I went back to Black Mountain Wine House, this time with an old buddy, and we grabbed prime seats at the bar for the evening. Among the various goodies we sampled that evening was a confit of duck leg. I threw myself at the mercy of Shane, the manager and wine buyer, and he recommended an Italian wine from Alto Adige made from the Schiava grape. Turned out to be a real winner. I read in my Third Edition of the Oxford Companion to Wine that wines made from this grape are "out of fashion," and that they have "no real character or concentration."
Okay, but I loved this wine, the 2006 Cantina Santa Maddalena St. Magdalener Classico ($8/glass). It felt like the Beaujolais of Italian wine. Nicely perfumed, light bodied, with good acidity and pretty red fruit. Utterly drinkable and delicious. It was a good counterpoint to the richness of the duck. So I'm going to be one of those unfashionable people who will order a Santa Maddalena (the name of the DOC), and you're going to have to just deal with it. I bet a bottle would cost $15 or less, too.
BrooklynLady and I escaped for a rare night out recently, didn't much care for the wine bar where we began the evening, so we went to a newish bistro nearby called Canaille (no website). We enjoyed two delicious wines there, both recommended by the gregarious French guy who owns the place. The first was a Corbieres, an appellation in the western part of the Languedoc made by a producer called 2 Anes, or Two Donkeys. It was excellent with the rich onion soup au gratin that I ordered. Mostly Carignan, with some Grenache and Syrah thrown in, the 2005 Domaine des 2 Anes Corbieres Fontanilles was smooth and supple, ripe and complex. And it drank so easily, my glass was drained before I knew it.
We then enjoyed the 2004 Le Raisin et L'Ange Fable with BrooklynLady's hangar steak and my cassoulet. This is honestly just beautiful wine. 100% Syrah, it is a Vins de Pays de L'Ardeche, a country wine from the hilly region in the middle of the Rhone Valley, sort of bisecting it into Northern and Southern Rhone. Oh, how I love discovering a humble country wine that blows away so many wines of "higher" nomenclature. Honestly, if you were to slip this bottle into a blind tasting of young Syrah it would surprise everyone.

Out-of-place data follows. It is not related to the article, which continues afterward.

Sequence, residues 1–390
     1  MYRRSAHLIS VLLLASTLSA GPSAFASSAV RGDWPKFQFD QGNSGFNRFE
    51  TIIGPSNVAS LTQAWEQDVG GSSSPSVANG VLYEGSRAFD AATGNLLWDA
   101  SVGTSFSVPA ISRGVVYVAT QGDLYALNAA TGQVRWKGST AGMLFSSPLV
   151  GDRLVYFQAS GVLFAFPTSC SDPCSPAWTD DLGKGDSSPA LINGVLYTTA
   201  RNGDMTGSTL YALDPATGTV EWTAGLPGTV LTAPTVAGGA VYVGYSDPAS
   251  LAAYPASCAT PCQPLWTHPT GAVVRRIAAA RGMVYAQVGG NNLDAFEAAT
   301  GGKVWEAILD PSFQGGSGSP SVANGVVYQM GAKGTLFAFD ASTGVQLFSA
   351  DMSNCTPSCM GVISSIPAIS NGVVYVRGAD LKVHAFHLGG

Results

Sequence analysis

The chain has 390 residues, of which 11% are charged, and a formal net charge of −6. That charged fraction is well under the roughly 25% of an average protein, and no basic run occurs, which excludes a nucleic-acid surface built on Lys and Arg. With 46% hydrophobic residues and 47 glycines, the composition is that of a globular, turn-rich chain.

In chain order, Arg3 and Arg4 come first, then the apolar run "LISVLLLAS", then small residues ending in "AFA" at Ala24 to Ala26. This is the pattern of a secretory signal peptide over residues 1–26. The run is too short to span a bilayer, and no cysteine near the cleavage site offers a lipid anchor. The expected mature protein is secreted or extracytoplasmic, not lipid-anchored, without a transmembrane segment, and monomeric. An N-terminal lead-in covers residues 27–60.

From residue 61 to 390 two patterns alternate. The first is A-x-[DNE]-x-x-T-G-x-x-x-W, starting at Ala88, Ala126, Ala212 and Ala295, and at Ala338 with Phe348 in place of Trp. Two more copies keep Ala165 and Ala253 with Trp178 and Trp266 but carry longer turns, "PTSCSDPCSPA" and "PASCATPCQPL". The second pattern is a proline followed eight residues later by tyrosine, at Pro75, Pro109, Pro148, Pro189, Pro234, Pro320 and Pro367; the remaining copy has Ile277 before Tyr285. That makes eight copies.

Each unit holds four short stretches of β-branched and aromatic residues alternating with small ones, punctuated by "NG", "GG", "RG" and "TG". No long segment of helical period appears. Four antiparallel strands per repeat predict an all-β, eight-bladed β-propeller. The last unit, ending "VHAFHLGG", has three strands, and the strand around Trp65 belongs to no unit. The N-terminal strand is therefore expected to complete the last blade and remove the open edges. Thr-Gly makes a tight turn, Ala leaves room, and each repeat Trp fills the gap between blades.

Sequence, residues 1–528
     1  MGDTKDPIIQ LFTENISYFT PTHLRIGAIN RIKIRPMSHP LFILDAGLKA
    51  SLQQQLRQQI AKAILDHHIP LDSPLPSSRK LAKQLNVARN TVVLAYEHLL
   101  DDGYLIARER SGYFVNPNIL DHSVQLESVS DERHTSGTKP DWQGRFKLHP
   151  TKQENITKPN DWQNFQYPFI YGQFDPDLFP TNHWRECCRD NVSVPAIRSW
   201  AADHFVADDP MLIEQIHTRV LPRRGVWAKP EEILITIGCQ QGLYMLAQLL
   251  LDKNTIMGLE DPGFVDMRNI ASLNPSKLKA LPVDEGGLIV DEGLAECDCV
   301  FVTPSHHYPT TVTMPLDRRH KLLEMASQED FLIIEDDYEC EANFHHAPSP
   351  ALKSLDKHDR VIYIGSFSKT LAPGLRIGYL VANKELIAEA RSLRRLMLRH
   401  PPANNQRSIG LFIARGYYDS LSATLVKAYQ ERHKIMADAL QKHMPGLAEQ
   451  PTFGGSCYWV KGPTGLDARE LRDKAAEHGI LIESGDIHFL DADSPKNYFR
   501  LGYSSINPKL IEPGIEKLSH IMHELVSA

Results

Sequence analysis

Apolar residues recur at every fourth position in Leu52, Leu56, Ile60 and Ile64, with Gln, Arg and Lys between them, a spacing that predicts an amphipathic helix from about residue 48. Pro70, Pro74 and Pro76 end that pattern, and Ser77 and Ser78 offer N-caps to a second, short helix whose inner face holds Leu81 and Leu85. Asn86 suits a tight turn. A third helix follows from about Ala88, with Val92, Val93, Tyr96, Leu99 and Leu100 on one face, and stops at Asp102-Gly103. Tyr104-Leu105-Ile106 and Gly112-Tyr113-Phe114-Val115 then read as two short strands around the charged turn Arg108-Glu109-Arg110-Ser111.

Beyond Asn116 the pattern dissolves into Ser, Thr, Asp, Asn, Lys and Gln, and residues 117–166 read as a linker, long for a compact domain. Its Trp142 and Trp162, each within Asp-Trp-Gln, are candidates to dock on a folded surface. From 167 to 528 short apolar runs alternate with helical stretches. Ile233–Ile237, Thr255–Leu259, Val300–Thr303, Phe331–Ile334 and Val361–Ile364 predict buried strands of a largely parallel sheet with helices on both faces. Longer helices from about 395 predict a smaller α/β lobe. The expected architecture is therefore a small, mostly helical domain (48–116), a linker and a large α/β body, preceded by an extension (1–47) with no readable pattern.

Then a week or so later, the memory of these wines still fresh, I'm looking through the sidebar items on Alice Feiring's (pronounced Firing, as in clay in a kiln, for goodness sake - I always thought it was "fairing") site and I see her notes on the Jenny & Francois tasting. And there it is - the Corbieres we had. So what is this Jenny & Francois? Turns out they're a small company working in Paris and New York that imports natural wines. Quite a lovely thing that they're doing, definitely worth poking around their site. They don't list their other wines, so all I know are the those mentioned by Alice Feiring in her review.
Then last week I'm browsing the Williamsburg wine shop called Uva and lo and behold, right there on the shelf is a glistening bottle of 2004 Le Raisin et L'Ange, for $16 (and that qualifies as a $15 Beauty right now cause the dollar is so weak). Well, not glistening, the bottle is pretty grubby. But it's country wine - shouldn't it be sort of dusty? And the cork is protruding a little too - okay, maybe I'll buy a different bottle. They're all like that. Okay fine, I'm sure it's good wine. So I turn the bottle around to see the importer and there they are again, Jenny & Francois.
I emailed Jenny & Francois to ask them to ask a few questions and Jenny alerted me to the 2 Anes website, which really is a great site so check it out. The story of the domaine is very sweet and the commitment of the husband and wife team to their philosophy of natural wine making is explained without any sort of preachiness. Jenny also said this about the Raisin et L'Ange Syrah:
The "Raisin et L'Ange" that you tasted is the cuvée called "Fable." It is 100% Syrah, and 100% pure (nothing added at all -- no sulfitues, nothing..). It is all tank. Le Raisin et L'Ange is isolated in the beautiful Ardeche mountains. Gilles Azzoni's philosophy is to accompany the grapes and the wine, not to impose a specific transformation on them. He works totally, 100% naturally from the vines to the bottle (no added SO2). 9.35 ha, southern exposure, cool temperatures at night because of the altitude develop delicate floral aromas. Clay & limestone soil, with little depth, part of the vineyard on slopes. Gilles grew up in Paris, went back to school for wine making, and took over his vineyard in 1983. He planted some more vines with a large density per hectare (5500 vines/ha). In the cellar, Gilles treats the grapes and then the fermenting juice, as delicately as possible. Certified ORGANIC, NATURAL, NO SULFITES.Sounds good, eh? And I can tell you that grubby or no, protruding cork or no, that was the freshest and most floral, most utterly delicious and satisfying bottle of Syrah I've had in a really long time. It is impossible not to enjoy this wine. I'd like to take a bath in it.
So do Jenny & Francois belong with Dressner and the other stars of the natural wine movement? Are the other wines any good? I don't know, but I'm intrigued enough at this point to try any wine they import at $20 or under. Anyone else have experience with Jenny & Francois selections?